Scroll To Top
News

Police rule out terrorism in chemical agent release at Baltimore Pride Festival

Saucy Santana performing 2024 baltimore lgbtq pride festival parade sign pride was a riot
Tonya Caver/Caver Imaging; Bartosz Koszowski/Shutterstock

On Saturday, revelers panicked after many couldn’t breathe and began to experience burning eyes after two groups got into a fight.

Cwnewser

Attendees of anLGBTQ+Pride Month celebration in Baltimore fled in panic this weekend after a chemical agent spread through the air.

A release of mace at an event on Saturday night caused chaos, leading to a mass exodus and multiple injuries at the Baltimore Pride Festival. According to Lindsey Eldridge, chief of public affairs and community outreach for the Baltimore Police Department, the incident occurred around 8:37 p.m. during the Pride Block Party near North Avenue and Charles Street.

Eldridge explained that the mace was sprayed during a physical altercation between two groups attending the event. Musician Saucy Santana was performing at the time of the disturbance. Simultaneously, fireworks were set off, which exacerbated the panic and caused attendees to flee the area, according to police.

Eldridge told The Advocate that three people who came into contact with the mace were treated and released at a nearby hospital. Fire officials also treated several injuries resulting from the mass exodus. Eldridge emphasized that officers did not release the mace, and there is no evidence to suggest that the incident was a targeted attack.

The incident follows a warning from federal law enforcement officials in May about thepotential for terrorist attacks at Pride events this year. The FBI and Department of Homeland Security released a public service announcement on May 10 highlighting an increased threat environment during Pride Month. The alert indicated that foreign terrorist organizations, such as ISIS, and their supporters might exploit the large gatherings associated with Pride events. The agencies urged the public to remain vigilant and report suspicious activity.

“Our officers are diligently reviewing the surveillance video to gather all the necessary information,” Eldridge said.

Kate Bowers, a Cockeysville resident who attended the event, described the scene as chaotic and frightening. “All of a sudden, people were screaming and running. It was like a bomb went off. The air was so thick. People were throwing up. People were pouring water in each other’s eyes. There was a little kid in a stroller. They were pouring water in the child’s eyes,” shetold the Baltimore Banner. Bowers and her friends escaped safely, although one friend was temporarily separated from the group.

Cleo Manago, executive director of the Pride Center of Maryland, which organizes the annual event, emphasized the importance of community safety. “PCOM considers community safety a priority, which sparked an earlier conversation about moving the Baltimore Pride Festival to a venue more conducive to controlling what people bring in,” Manago told the outlet.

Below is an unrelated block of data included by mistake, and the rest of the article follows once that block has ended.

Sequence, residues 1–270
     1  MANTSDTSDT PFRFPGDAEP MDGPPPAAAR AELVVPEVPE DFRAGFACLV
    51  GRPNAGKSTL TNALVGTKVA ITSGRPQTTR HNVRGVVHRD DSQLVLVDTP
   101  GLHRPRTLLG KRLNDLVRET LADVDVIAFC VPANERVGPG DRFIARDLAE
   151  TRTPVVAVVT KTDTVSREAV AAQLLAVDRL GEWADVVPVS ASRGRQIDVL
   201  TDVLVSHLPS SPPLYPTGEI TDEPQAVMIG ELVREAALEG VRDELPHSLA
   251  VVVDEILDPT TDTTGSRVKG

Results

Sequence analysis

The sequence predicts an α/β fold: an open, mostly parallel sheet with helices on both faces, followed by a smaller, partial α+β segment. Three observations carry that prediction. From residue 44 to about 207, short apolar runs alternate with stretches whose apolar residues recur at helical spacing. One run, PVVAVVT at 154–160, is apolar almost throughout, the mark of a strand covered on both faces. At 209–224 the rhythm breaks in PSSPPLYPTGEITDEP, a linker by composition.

Despite the incident, Sunday’s Pride in the Park event at Druid Hill Park saw high attendance, with large groups gathering for music, vendors, and live performances.

Cwnewser
30 Years of Out100Out / Advocate Magazine - Jonathan Groff & Wayne Brady

From our Sponsors

Most Popular

Latest Stories

Christopher Wiggins

Christopher Wiggins is a senior national reporter for The Advocate. He has a rich career in storytelling and highlighting underrepresented voices. Growing up in a bilingual household in Germany, his German mother and U.S. Army father exposed him to diverse cultures early on, influencing his appreciation for varied perspectives and communication. His work in Washington, D.C., primarily covers the nexus of public policy, politics, law, and LGBTQ+ issues. Wiggins' reporting focuses on revealing lesser-known stories within the LGBTQ+ community. Key moments in his career include traveling with Vice President Kamala Harris and interviewing her in the West Wing about LGBTQ+ support. In addition to his national and political reporting, Wiggins represents The Advocate in the White House Press Pool and is a member of several professional journalistic organizations, including the White House Correspondents’ Association, Association of LGBTQ+ Journalists, and Society of Professional Journalists. His involvement in these groups highlights his commitment to ethical journalism and excellence in the field. Follow him on X/Twitter @CWNewser (https://twitter.com/CWNewser) and Threads @CWNewserDC (https://www.threads.net/@cwnewserdc).
Christopher Wiggins is a senior national reporter for The Advocate. He has a rich career in storytelling and highlighting underrepresented voices. Growing up in a bilingual household in Germany, his German mother and U.S. Army father exposed him to diverse cultures early on, influencing his appreciation for varied perspectives and communication. His work in Washington, D.C., primarily covers the nexus of public policy, politics, law, and LGBTQ+ issues. Wiggins' reporting focuses on revealing lesser-known stories within the LGBTQ+ community. Key moments in his career include traveling with Vice President Kamala Harris and interviewing her in the West Wing about LGBTQ+ support. In addition to his national and political reporting, Wiggins represents The Advocate in the White House Press Pool and is a member of several professional journalistic organizations, including the White House Correspondents’ Association, Association of LGBTQ+ Journalists, and Society of Professional Journalists. His involvement in these groups highlights his commitment to ethical journalism and excellence in the field. Follow him on X/Twitter @CWNewser (https://twitter.com/CWNewser) and Threads @CWNewserDC (https://www.threads.net/@cwnewserdc).